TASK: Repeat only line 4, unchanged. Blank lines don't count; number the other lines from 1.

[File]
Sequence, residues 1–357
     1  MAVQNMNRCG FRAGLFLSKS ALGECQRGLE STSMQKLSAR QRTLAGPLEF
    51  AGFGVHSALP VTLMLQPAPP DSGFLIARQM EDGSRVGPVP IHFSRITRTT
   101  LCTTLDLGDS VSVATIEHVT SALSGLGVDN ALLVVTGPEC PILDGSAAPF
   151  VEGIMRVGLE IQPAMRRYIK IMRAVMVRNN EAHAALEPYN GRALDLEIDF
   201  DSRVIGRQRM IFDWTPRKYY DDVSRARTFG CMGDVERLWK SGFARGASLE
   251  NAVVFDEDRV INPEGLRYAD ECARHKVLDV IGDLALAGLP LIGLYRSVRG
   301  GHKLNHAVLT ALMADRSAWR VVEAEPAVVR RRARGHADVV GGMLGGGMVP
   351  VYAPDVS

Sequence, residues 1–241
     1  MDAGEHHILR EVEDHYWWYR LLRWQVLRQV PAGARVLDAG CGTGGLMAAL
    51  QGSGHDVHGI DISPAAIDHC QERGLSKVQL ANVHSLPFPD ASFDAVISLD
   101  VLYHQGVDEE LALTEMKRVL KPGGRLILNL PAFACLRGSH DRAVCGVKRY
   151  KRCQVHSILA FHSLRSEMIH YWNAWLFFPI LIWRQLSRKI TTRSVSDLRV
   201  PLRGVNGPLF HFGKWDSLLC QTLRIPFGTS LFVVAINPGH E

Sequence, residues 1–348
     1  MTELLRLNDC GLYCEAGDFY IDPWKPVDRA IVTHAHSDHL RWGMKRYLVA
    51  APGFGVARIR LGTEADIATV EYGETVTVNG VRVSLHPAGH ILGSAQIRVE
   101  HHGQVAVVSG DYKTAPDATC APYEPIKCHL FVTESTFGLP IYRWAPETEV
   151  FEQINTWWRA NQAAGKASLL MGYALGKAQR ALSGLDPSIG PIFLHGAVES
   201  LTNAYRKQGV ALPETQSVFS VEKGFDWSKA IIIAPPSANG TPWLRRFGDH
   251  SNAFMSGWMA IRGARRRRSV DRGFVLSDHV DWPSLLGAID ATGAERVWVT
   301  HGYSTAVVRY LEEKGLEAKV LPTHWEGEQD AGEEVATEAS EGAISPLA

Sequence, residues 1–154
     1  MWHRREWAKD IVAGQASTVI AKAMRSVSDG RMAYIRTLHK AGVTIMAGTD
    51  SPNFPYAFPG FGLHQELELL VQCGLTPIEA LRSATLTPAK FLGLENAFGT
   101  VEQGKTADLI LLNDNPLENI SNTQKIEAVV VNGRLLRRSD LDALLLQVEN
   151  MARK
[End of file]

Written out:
   101  LCTTLDLGDS VSVATIEHVT SALSGLGVDN ALLVVTGPEC PILDGSAAPF